When I spoke to these groups, I did so with the knowledge that my words would be reported to the authorities, and that I was being watched.  The Stasi even paid a visit to the pastor’s home where I was staying while he and I were out of town.  When his wife told him about it, she was clearly frightened.

I knew I had to be careful in my public statements, or my hosts could pay a penalty for it.  And while I was deep in “enemy territory” there was also a risk to myself.

I thought of that time while contemplating words written by the Apostle Paul to the church in Rome.  Words which US Attorney General Jeff Sessions cited in a (futile) attempt to stifle criticism from a wide range of Christians about the policy of incarcerating immigrant children after separating them from their parents.  A policy which even Franklin Graham, who often seems to be a cheerleader for the administration, describes as “disgusting.”

In the thirteenth chapter of his Letter to the Romans, Paul wrote:  Let everyone be subject to the governing authorities, for there is no authority except that which God has established. The authorities that exist have been established by God.

Throughout history, these words from the Apostle have been used by governing authorities of one sort or another, to insist that submission to their rule is a Christian duty.

It was the basis of the concept of the “divine right of kings” to exercise absolute power over their subjects.  Papal political power was also justified in this way.

Slaveholders insisted that it also applied to their relationship with their “property” since the law granted them authority over their slaves.

The church in Nazi Germany impressed upon Christians that it was their holy duty to unquestioningly obey their Leader (Fuehrer).  Some insisted that Hitler’s unlikely rise to absolute power was a sign of God’s blessing upon him…that he could have only attained office through God’s intervention. This mindset helped allow German soldiers to commit genocidal crimes while wearing belt buckles with the insignia “Gott mit Uns”  (God With Us) emblazoned upon them.

In America and South Africa, governments exercised official racial discrimination while claiming  they were “Christian countries” and that the legalized bigotry ordained by their governments was blessed by God.

Given the clear and horrendous abuses committed by people citing this passage, one wonders why Paul wrote it in the first place?

That takes me back to my experience in a totalitarian state that was hostile and suspicious toward the church.

Paul knew that his letter would be read to the fledgling Christian congregations in Rome, and that the government there was both suspicious and hostile toward them.  After all, Christians professed to worship a man whom the Empire had gruesomely executed for insurrection.  The members of the church were largely members of the restive under class and slaves.  People prone to revolt.  And, just as I knew there would be Stasi agents listening to my speeches and sermons, Paul knew that the Empire would have agents listening in when his letter was read, and reporting to the government.

If they felt he was trying to foment open revolt, they would swoop in and annihilate the nascent church.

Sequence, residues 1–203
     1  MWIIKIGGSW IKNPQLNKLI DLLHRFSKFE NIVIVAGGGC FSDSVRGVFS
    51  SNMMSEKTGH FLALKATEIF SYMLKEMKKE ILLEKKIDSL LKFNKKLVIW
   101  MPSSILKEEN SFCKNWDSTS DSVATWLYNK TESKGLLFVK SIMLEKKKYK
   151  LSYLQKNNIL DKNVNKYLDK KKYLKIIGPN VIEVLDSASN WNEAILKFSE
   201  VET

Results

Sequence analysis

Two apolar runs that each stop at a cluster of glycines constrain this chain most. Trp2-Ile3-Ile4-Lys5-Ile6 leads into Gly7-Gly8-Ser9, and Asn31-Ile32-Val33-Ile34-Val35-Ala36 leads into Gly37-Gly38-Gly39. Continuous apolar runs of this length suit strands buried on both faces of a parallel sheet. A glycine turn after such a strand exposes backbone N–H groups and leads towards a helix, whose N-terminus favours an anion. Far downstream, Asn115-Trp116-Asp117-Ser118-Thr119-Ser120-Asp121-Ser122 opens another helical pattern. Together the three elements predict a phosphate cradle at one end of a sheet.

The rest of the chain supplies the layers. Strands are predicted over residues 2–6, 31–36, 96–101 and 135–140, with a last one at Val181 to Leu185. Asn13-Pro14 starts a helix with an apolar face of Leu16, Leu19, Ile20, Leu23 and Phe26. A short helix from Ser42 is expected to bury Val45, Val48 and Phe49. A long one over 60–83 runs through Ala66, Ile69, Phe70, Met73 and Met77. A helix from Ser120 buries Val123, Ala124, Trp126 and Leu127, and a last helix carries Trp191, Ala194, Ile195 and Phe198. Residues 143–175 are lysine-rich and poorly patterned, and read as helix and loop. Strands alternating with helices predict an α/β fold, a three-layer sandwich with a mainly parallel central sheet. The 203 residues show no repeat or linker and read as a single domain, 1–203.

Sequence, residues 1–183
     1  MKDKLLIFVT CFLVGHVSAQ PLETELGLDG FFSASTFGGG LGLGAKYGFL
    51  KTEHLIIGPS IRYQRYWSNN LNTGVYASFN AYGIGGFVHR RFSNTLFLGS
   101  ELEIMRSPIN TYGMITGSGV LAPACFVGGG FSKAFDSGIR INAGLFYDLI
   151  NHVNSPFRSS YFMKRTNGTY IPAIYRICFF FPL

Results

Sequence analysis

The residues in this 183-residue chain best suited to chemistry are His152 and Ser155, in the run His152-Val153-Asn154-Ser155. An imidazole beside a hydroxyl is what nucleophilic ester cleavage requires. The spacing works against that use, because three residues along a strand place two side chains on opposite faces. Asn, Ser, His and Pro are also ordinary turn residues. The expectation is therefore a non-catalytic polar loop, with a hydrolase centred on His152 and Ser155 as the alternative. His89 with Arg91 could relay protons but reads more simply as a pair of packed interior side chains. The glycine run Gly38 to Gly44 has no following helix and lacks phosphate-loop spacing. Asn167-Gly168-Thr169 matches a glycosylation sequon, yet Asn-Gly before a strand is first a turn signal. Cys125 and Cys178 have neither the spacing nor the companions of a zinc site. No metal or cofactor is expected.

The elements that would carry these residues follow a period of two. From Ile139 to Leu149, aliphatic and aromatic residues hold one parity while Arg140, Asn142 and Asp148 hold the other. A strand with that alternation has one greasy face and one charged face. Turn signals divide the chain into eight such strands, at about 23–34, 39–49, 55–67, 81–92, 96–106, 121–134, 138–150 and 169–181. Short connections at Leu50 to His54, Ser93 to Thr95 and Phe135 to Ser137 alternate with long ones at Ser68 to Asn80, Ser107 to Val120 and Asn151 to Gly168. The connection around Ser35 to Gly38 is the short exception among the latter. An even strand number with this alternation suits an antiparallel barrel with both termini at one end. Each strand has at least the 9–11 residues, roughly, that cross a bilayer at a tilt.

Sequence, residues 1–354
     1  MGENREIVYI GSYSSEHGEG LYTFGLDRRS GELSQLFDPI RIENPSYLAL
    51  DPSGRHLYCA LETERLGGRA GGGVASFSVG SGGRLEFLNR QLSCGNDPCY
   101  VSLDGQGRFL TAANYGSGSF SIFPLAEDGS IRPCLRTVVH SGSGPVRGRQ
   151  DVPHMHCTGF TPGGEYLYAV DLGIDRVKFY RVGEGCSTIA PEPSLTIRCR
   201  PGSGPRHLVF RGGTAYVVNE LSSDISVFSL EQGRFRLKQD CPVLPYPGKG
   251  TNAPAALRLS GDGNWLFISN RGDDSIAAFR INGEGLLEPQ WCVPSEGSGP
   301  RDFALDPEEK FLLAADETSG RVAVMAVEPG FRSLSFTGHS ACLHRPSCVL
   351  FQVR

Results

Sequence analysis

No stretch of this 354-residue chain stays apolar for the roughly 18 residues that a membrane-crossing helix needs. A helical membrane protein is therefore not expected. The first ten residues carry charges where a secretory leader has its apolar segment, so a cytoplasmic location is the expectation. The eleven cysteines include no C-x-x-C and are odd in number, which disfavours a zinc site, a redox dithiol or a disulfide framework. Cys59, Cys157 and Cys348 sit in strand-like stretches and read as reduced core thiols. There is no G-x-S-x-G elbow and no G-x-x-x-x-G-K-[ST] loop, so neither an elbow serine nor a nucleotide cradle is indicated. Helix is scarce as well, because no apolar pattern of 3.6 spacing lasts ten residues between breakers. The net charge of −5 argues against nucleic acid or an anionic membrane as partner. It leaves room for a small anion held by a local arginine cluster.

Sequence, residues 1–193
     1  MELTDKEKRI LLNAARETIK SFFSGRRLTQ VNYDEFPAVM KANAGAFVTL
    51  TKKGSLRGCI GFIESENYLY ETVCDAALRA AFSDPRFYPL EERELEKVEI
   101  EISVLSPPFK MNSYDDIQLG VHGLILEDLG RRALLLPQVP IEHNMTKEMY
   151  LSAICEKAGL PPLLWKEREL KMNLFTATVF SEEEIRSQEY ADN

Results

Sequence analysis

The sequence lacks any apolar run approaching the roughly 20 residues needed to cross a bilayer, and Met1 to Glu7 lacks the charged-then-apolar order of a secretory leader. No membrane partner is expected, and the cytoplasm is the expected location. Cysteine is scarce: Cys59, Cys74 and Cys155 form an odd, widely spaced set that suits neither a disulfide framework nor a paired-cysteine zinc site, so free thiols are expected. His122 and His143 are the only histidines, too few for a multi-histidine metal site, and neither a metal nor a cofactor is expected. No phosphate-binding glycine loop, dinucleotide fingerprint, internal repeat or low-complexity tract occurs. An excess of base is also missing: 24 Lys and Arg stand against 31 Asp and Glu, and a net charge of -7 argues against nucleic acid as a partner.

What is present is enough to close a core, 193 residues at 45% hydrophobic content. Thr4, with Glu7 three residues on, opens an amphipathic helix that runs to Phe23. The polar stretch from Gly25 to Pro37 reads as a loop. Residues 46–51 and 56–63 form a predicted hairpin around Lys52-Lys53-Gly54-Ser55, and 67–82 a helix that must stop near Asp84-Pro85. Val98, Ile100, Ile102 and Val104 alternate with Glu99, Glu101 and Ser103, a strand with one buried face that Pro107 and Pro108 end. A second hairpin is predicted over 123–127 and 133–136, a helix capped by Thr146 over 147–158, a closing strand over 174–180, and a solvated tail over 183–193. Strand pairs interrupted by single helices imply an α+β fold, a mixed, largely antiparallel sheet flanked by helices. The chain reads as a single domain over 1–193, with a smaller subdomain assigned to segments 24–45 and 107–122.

So, he felt it essential to reassure the authorities that the Christian movement was nonviolent in nature, and that it promoted virtues which would benefit any society.  They were out to transform society, but they weren’t actively working to overthrow it.

All of this is true.  But, in the end, Paul himself was executed by the Empire because those very authorities he said were “established by God” insisted that he renounce his faith and declare, “Caesar is Lord.”  And, despite the fact he genuinely saw civil authority as necessary, he would not give them ultimate authority over his life, or sell his conscience to them.  The Emperor…the crazed and corrupt Nero…demanded worship, and Paul refused.  This made him a dangerous subversive in the eyes of the government, so he was beheaded during a savage wave of persecution of Christians.

Christians must always walk a tightrope.  Civil authority is necessary, and often a blessing.  It holds back anarchy.  These are facts that must be acknowledged and respected.  But, throughout history, there have been governments which claimed divine blessing, and even that they were defenders of the faith, while committing monstrous atrocities and legislated injustices.

We need to always remember that Jesus identified himself with the marginalized and powerless.  I am convinced that he is with, and for, the children in those chain link cages and demands that they be treated with compassion.  The United Methodist  theologian Len Sweet has written:  Want to make Jesus mad? Want to really tick him off? Want to get him so angry he sounds like the Mafia? ... Harm a child. "Harm one of these little ones, and better for you that you sleep with the fish." (my translation of Matthew 18:6). Or more literally,  "It would be better for you to have a heavy millstone hung around your neck, and to be drowned in the depth of the sea."

Paul ultimately refused to proclaim “Caesar is Lord” even at the cost of his life, because his central affirmation was that “Jesus is Lord” and even Caesar must answer to the standard of Christ.

As you did it to the least of these…” is warning to the powerful that they are still accountable.




May 21, 2018, 12:00 AM

Anchors and Sails